MoH Recipient’s Last Stand During WWI Helped Break German Spirits

By Katie Lange, Department of Defense

Medal of Honor Monday
MoH Recipient’s Last Stand During WWI Helped Break German Spirits

USA – -(AmmoLand.com)- This blog is part of a weekly series called “Medal of Honor Monday,” in which we’ll highlight one of the more than 3,500 Medal of Honor recipients who have earned the U.S. military’s highest medal for valor.

This fall of 2018 marked the 100th anniversary of the Battle of St. Quentin Canal, a major World War I battle that helped turn the tide of the war in favor of the Allies. Army Cpl. James Heriot was part of it, and his actions earned him a Medal of Honor.

Army Cpl. James D Heriot
Army Cpl. James D Heriot

Heriot grew up in Providence, South Carolina, at the turn of the century. After high school, he went to Clemson University to study agriculture, then returned home to work on the family farm. Heriot also joined the South Carolina Army National Guard.

When the U.S. entered World War I in June 1917, Heriot was brought up to active duty. About a year later, he found himself stationed in France, assigned to the American Expeditionary Force’s 118th Infantry Regiment, 30th Infantry Division.

The 30th ID played a major role in the Battle of St. Quentin Canal, one of two key battles that took place during the war’s 100 Day Offensive. The 30th ID and the U.S. Army’s 27th Infantry Division joined British and Australian troops in a fight to gain a crossing point over the canal, which was part of the heavily defended Hindenburg Line, where Germany had begun its offensive earlier that year.

Heriot’s 118th Infantry Regiment was tasked with leading the charge to break the Hindenburg Line beginning in late September 1918. They were quite often on the front lines of battle, and that’s where Heriot found himself on Oct. 12, 1918.

That day, Heriot and four other soldiers decided to organize a combat group to attack an enemy machinegun nest that had been hitting his company hard. But as they approached, heavy fire came at them from all sides. Two of the four men were killed, so the remaining two had to find shelter.

Heriot didn’t want to stay put, though. Despite the gunfire flying all around, he put his bayonet on his gun and charged the enemy machine gun nest, running about 30 yards through fire to get there. He was able to get the gunners there to surrender.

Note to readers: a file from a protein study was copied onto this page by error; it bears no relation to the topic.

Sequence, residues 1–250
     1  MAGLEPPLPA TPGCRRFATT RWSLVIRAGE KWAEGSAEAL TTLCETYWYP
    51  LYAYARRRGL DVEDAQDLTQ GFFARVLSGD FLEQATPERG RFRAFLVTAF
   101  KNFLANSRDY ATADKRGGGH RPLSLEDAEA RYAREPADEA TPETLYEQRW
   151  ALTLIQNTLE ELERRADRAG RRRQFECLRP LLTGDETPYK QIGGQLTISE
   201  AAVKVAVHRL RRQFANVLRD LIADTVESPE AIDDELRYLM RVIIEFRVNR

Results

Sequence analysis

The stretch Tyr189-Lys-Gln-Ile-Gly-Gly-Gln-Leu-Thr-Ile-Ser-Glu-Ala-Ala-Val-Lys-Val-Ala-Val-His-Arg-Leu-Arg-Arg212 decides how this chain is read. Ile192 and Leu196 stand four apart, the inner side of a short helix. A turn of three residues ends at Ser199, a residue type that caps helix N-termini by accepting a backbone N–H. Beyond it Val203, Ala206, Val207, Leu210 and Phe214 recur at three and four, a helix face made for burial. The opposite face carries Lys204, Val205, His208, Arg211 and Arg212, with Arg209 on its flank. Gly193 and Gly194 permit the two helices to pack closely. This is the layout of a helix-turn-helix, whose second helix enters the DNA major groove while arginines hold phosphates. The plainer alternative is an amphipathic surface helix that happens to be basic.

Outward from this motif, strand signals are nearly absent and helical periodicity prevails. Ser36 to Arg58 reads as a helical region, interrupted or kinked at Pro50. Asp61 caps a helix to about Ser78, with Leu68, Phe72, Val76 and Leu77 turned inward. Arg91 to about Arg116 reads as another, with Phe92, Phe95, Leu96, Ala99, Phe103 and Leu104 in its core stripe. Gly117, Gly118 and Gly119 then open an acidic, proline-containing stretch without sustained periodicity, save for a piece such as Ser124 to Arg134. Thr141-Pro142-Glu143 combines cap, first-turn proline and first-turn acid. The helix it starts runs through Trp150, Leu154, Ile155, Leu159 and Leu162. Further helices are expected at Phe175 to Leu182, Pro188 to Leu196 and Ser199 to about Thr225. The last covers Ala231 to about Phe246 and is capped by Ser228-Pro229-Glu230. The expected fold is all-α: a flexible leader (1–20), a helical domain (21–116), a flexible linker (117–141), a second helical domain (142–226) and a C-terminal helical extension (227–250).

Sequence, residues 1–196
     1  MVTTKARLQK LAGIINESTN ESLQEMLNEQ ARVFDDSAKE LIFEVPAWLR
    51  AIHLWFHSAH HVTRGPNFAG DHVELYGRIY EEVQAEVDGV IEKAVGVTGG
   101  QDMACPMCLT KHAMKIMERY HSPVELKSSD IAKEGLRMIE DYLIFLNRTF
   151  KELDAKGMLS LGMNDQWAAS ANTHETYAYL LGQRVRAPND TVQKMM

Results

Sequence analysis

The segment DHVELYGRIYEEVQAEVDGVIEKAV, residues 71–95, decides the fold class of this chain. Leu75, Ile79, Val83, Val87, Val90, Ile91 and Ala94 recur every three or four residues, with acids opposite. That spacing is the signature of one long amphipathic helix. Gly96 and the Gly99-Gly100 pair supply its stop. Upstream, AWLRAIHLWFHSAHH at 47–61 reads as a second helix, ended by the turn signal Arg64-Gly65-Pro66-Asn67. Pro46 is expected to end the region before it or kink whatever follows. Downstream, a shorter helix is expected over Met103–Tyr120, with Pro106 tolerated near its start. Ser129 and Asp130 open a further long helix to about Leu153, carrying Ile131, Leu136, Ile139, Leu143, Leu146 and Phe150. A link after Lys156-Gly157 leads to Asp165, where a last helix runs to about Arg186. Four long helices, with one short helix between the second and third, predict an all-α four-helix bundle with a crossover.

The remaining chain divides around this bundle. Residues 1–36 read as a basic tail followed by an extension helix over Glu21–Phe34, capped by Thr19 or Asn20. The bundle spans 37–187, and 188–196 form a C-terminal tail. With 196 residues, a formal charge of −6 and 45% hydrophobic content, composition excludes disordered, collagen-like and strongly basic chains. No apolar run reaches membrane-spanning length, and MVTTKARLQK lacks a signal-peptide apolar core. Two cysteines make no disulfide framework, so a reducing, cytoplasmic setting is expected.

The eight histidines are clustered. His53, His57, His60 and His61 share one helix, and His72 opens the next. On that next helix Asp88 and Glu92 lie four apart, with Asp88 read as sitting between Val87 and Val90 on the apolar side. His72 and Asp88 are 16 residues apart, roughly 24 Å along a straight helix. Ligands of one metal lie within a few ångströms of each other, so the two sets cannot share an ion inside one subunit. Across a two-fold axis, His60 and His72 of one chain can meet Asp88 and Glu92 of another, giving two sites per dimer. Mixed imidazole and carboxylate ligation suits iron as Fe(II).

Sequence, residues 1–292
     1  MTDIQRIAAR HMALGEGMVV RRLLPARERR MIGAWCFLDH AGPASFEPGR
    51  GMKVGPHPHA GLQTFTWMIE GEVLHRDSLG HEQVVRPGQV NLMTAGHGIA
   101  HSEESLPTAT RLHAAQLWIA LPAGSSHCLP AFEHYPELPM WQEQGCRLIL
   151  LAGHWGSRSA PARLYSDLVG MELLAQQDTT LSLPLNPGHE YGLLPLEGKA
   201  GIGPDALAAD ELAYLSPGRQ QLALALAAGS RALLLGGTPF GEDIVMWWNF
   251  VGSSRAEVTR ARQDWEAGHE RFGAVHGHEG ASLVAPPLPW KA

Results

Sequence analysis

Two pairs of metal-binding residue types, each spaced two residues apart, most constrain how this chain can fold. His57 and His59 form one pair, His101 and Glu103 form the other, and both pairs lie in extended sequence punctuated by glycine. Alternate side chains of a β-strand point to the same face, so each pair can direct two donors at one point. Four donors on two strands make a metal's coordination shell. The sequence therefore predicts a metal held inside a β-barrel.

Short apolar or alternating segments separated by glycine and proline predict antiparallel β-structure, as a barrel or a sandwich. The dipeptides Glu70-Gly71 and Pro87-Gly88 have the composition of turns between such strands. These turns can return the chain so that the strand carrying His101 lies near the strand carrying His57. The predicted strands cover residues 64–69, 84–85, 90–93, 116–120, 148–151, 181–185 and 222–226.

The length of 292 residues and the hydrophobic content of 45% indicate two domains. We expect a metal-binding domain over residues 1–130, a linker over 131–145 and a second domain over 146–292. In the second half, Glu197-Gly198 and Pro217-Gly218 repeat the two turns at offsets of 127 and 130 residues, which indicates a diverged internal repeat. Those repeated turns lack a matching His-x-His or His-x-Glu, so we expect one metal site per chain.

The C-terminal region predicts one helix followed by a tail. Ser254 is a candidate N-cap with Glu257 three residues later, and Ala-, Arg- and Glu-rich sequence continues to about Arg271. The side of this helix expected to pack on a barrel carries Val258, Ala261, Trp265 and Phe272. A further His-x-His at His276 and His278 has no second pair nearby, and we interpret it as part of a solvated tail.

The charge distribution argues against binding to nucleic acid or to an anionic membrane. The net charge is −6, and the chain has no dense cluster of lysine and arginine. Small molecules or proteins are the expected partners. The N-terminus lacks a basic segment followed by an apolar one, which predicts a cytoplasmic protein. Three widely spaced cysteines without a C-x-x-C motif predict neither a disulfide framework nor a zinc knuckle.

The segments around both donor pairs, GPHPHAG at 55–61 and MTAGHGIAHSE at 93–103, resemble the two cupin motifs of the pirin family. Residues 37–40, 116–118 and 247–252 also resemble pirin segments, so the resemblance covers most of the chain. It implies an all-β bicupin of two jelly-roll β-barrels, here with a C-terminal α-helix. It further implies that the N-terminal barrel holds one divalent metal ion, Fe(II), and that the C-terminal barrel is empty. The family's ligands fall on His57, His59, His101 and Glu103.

Heriot suffered several wounds to his arms from the charge, but he continued fighting. Later that day, he charged another machine gun nest – a move that killed him.

The Battle of St. Quentin Canal achieved all its objectives, including the first full breach of the Hindenburg Line, and in a war where battlefield progress was often measured in yards, the fact that the 30th Division penetrated more than 10 miles of territory did the right amount of psychological damage.

The Allies’ success in that campaign convinced the German high command that there was little hope for a victory in its favor. Less than a month later, on Nov. 11, 1918, Germany signed an armistice, ending the war.

Army Cpl. James D Heriot Grave Stone
Army Cpl. James D Heriot Grave Stone

Heriot was posthumously awarded the Medal of Honor in 1919. His mother accepted it on his behalf. Five other South Carolina Army National Guard soldiers who were part of the 118th Infantry Regiment were awarded the medal, too – the most of any regiment in the American Expeditionary Forces.

May we never forget their sacrifices!

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U.S. Department of Defense

The Department of Defense provides the military forces needed to deter war and ensure our nation’s security. The foundational strength of the Department of Defense is the men and women who volunteer to serve our country and protect our freedoms. Visit www.defense.gov/ to learn more.

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2WarAbnVet
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2WarAbnVet

If Heriot is from Providence (Orangeburg County) why is his MOH displayed in the Lee County Courthouse in Bishopville?

Wild Bill
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Wild Bill

Hey 2War! Long time no hear from. Where you all been, brother?

pigpen51
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pigpen51

We need to remember WWI as well as WWII. The soldiers in the first war were also as brave as they come. I believe that the reason that we don’t have more knowledge of the first war, is because of the fact that once America entered the war, it was not all that long until the German’s surrendered, which was no coincidence.

tomcat
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tomcat

It was outstanding of him to give his life for freedom. It is too bad the progressives don’t appreciate what others have done for them. Their continuance in this socialist excapade is going to cause more lives lost for freedom.

JPM
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JPM

God bless him and all who served and serve.

PatriotUnitDeath
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PatriotUnitDeath

I salute his honor, courage, bravery and patriotism. A great American RIP!

Wild Bill
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Wild Bill

@LFOD, Yeah, the youth of America could be so much more than they are. It is not like they have not had good role models throughout our entire history.